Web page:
Once everyone else filled their plates, the talking started again, but at least I could keep my mouth busy for a little while with chewing. The casserole was delicious. Full of chicken and rice with a creamy sauce.

  “How’s work, Dad?” Max asked and I was surprised he was going to ask that.

  “Good, good. Getting into the busy time. Installing a lot of air conditioners.” Max nodded and I kind of wanted to melt into the floor. The tension was hovering over us like a dark cloud.

  “So, Trish, I’m afraid Max hasn’t told us much about you.” Great, now it was grilling time again.

  “Um, well, I’m almost nineteen and I go to school and I have an older brother named Stryker,” I said. That was all pretty neutral stuff. I always had a hard time when people asked me about my family situation. That was definitely sure to cause tension.

  “And your parents?” Max’s mother asked and I felt like I seized up. Max put his hand on my knee under the table.

  “Mom, she doesn’t want to talk about it,” he said and I felt like a total bitch.

  “Oh, I’m sorry. I didn’t know.” That was a jab at Max for not telling them about me. Man, this was going south real fast.

  “It’s not your fault. It’s just that I don’t really think of them as my parents. More of the people who gave me their DNA and that was about it.” I sounded bitter, but that couldn’t be helped.

  “Ah, what does your brother do?” she asked, not giving up.

  “He’s working as a TA at DU and he also has an internship with the lab on campus. Plus he’s a freelance mechanic. He helped me build Max’s car.” Shit. Shit, shit, shit! I almost smacked myself in the face for mentioning the car. Max’s eyes went wide.

  “Max’s car?” His mom sounded surprised to say the least. He sighed and nodded.

  “Yeah, Trish and my friends all pitched in and got it for me for my birthday,” he mumbled, looking down at his plate.<
br />
  “A car?” his father said, thunderstruck.

  “Yeah,” Max said. I wanted to tell him I was sorry, but there wasn’t a way I could do that without his parents seeing. Well, fuck. This was just about a lost cause at this point.

  “That was very generous of them,” his mother said, but I couldn’t tell if she really thought it was.

  Max sighed and looked up from his plate.

  “Look, I’m sorry I haven’t called or visited and I’m sorry I didn’t tell you about Trish or the car, but I didn’t think you’d want to hear about it,” Max said.

  He was going for it. Okay, then. I squeezed his knee under the table and hoped for the best. And hoped that I could keep my mouth shut in this particular situation.

  His mother let out a tense breath through her nose and his father coughed again. They shared a look that I couldn’t really figure out. Guess it was one of those parent looks that I’d never seen.

  “I’m sorry,” Max said again, his voice breaking. His hand reached for mine and I held it. Even though the situation was hard, I was glad that he reached for me. That I could offer support, at least a little bit.

  “I just wish you could understand why I had to do it.” His father leaned back in his chair and crossed his arms over his chest.

  “That’s just the thing, Max. I don’t understand. I don’t understand why you would go off and leave your family. Leave the business that I built for you for your future. No, I’ll never understand that at all. Excuse me.” He tossed his napkin on his plate and got up from the table. Max’s mother tried to call him back, but he was out the door and then there was the sound of a car engine.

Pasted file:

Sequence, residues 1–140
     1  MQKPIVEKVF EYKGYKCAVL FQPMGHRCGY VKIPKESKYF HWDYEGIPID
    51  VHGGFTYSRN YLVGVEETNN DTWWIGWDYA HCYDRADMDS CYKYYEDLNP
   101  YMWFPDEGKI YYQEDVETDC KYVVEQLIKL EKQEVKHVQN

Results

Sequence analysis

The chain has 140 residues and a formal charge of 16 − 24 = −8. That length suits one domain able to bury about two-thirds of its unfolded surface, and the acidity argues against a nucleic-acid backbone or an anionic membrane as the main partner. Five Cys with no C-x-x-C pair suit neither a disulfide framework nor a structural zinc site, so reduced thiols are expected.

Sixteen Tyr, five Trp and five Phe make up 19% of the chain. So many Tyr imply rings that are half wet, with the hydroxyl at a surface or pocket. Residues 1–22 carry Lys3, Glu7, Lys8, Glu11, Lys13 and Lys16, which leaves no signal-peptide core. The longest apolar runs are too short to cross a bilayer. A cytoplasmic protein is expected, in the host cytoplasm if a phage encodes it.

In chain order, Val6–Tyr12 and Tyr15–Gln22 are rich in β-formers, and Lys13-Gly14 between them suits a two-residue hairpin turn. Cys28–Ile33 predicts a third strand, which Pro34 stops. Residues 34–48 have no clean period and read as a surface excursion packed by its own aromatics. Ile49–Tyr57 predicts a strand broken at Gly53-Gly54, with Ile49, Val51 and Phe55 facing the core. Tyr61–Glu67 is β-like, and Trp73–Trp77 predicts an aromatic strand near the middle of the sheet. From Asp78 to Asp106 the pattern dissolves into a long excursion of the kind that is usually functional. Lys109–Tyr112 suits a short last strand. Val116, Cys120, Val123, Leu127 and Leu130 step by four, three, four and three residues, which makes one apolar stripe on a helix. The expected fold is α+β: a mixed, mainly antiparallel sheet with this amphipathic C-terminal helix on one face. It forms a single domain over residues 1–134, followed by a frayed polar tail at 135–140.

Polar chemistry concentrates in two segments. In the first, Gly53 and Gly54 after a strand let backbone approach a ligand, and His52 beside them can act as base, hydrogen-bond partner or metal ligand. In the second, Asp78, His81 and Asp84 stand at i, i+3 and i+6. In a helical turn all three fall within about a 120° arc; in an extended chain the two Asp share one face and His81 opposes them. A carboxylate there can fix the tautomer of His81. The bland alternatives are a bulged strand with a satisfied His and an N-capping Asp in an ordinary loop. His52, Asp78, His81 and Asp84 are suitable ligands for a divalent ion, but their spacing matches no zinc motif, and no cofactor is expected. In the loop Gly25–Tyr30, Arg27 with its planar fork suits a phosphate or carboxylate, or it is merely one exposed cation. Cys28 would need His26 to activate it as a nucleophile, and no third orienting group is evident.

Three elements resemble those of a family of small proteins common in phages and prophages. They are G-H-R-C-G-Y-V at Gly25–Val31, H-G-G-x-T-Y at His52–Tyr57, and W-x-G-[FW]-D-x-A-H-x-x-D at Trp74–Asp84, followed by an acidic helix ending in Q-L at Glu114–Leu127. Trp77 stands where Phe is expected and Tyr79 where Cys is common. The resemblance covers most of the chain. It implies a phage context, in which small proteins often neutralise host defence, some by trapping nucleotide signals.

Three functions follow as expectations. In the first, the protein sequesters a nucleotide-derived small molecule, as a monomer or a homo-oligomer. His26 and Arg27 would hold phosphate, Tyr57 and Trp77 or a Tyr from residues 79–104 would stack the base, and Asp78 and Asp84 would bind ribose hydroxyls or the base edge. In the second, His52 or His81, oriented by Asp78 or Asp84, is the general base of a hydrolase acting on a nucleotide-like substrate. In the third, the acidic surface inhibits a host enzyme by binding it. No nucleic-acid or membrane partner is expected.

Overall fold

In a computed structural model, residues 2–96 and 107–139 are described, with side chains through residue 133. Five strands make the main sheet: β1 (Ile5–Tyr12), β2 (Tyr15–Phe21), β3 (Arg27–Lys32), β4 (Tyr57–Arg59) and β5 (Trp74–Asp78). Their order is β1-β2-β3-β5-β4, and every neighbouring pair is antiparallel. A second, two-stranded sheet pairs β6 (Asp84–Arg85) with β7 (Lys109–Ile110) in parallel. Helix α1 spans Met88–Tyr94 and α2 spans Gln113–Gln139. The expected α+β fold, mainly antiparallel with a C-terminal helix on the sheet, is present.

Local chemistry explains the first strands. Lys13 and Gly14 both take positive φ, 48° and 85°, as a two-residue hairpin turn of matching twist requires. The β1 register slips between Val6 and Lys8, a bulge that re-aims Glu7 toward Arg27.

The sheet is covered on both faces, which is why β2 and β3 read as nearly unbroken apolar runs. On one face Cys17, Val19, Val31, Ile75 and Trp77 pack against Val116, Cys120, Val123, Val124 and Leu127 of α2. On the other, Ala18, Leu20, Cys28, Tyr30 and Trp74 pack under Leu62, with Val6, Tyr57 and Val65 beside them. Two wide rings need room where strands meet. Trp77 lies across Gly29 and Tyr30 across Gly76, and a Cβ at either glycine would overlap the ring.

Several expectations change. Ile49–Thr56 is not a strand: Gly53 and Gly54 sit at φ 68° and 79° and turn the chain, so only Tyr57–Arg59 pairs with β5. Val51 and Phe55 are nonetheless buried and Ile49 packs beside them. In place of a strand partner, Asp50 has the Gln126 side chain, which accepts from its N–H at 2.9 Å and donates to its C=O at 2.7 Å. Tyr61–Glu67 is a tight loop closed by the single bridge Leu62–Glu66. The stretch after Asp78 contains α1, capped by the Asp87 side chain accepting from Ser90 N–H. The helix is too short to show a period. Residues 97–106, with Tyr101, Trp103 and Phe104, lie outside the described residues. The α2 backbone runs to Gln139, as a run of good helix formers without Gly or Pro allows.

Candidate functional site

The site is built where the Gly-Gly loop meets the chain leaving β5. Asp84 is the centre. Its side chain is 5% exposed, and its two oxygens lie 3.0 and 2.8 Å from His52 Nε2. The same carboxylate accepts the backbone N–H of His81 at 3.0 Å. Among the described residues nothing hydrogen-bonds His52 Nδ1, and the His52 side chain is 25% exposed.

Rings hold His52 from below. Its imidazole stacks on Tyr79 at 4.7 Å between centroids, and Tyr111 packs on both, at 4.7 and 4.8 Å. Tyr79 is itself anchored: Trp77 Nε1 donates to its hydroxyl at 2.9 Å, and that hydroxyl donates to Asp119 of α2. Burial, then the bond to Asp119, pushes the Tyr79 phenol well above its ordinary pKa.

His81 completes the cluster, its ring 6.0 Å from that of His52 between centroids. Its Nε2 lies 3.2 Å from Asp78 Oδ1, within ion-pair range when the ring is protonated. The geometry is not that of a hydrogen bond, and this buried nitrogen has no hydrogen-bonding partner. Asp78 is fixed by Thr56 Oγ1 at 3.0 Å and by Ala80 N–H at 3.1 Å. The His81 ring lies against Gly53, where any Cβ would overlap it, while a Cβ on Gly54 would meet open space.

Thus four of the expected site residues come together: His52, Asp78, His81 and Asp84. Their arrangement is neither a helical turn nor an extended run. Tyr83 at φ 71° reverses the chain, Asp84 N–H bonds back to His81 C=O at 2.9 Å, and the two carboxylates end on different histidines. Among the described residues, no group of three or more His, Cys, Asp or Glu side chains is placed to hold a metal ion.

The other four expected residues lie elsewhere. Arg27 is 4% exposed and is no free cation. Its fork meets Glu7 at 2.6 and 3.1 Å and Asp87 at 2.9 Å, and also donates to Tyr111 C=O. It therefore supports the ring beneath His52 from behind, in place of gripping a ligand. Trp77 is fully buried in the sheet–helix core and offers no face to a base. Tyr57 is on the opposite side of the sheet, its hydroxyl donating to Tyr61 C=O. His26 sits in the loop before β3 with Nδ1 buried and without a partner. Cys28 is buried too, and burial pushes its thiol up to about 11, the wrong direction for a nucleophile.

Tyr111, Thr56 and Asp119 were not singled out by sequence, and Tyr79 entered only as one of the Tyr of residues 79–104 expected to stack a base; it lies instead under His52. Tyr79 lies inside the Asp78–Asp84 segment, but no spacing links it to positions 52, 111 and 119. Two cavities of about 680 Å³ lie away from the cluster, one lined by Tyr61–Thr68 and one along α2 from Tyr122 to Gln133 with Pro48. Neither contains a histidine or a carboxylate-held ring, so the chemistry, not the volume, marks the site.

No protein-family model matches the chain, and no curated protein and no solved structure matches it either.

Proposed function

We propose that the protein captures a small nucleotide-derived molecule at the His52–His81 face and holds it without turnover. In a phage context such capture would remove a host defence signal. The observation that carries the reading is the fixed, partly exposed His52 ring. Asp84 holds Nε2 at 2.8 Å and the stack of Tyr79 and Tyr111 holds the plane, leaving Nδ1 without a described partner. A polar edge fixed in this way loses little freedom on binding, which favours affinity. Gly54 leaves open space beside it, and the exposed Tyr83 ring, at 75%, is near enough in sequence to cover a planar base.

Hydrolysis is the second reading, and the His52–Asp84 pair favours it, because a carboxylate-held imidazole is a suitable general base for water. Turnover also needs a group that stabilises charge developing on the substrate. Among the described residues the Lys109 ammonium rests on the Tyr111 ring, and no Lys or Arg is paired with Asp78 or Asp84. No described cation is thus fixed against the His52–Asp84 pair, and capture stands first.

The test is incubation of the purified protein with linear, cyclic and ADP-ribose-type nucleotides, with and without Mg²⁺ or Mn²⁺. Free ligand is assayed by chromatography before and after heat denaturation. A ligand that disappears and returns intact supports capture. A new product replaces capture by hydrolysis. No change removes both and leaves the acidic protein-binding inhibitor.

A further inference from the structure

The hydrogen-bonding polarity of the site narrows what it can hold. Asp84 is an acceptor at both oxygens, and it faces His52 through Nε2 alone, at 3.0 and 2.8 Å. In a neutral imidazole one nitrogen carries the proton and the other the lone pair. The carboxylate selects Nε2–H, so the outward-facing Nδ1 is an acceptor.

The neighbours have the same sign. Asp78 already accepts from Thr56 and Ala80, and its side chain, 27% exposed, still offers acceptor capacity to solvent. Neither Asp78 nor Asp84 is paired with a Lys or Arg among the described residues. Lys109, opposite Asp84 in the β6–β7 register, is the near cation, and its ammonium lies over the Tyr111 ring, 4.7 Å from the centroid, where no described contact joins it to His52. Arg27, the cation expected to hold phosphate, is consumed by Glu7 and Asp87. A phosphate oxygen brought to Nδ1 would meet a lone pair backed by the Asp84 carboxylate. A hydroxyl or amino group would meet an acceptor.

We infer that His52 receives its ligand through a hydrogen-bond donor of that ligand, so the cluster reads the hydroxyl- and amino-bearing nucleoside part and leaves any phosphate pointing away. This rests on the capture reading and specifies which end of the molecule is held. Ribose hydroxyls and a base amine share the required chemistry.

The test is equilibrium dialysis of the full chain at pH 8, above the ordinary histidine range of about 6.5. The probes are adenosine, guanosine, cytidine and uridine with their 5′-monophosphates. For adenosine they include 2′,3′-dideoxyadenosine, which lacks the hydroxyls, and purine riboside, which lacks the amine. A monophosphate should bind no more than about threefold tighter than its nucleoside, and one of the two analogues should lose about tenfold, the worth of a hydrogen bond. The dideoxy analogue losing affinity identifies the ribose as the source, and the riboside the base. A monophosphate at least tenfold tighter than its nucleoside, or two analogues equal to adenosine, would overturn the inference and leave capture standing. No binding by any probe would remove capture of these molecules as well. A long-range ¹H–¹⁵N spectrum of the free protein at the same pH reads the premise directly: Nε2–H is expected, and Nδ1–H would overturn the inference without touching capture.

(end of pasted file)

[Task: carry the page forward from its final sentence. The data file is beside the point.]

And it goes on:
“Shit,” Max said under his breath. He put his elbows on the table and rested his face in them. The picture of utter defeat.

  “I’m so sorry you had to see that,” his mother said in a quiet voice, folding and unfolding her napkin. “This has been hard for both of us.”

  “And it hasn’t been hard for me at all. Do you think that I wanted to leave you? That I wanted to have my parents hate me?” Max pushed back from the table and stormed into the living room. I got up and scurried after him. His mother followed a moment later.

  “You know that we don’t hate you. We just want what’s best for you.”

  “And I have no say in that. It’s only my fucking life!”

  “Maxwell!” He paced across the room and turned around. Not sure what to do, I just stood there feeling awful that I’d been the one who forced him to come here and do this. If only Beth was here. She’d know exactly what to say and how to fix the situation. I definitely didn’t.

  “I’m sorry, I just can’t do this,” Max said, turning around. “I keep hoping that one day you’re going to call me, or I’m going to come here and you’ll ask me how school is going and we’ll talk about stupid stuff and it will be normal. You won’t try to guilt me into coming back. You’ll just be parents that are proud your son is in school and trying to figure out his life. But I guess that’s not going happen. Ever. I’m sorry, Mom, but I can’t stay here anymore.” He went to the door, took a breath and then opened it.

  “Max,” his mother said, her voice breaking.

  “I’m sorry,” he said again. “Come on, Trish.” He reached his hand out to me and I went to him.

  “It was nice to meet you. The lunch was delicious,” I said, but she wasn’t looking at me. She only had eyes for her son, who looked so much like her.

  “Bye,” Max said one more time before we were out the door and back in the car.

  “ARE YOU OKAY?” Trish asked as I backed out of the driveway. My hands shook on the steering wheel and I felt like I was floating above my body and not really inside it.

  “Not really, Trish,” I said, and I knew I was being an asshole, but I was so angry, I didn’t know what else to do.

  “Pull over,” she said in a sharp voice. I ignored her. “Pull the fuck over, Max!” She screamed and I wrenched the steering wheel over and we ended up coming to a stop on the shoulder.

  “What the fuck do you want?!” I screamed back at her.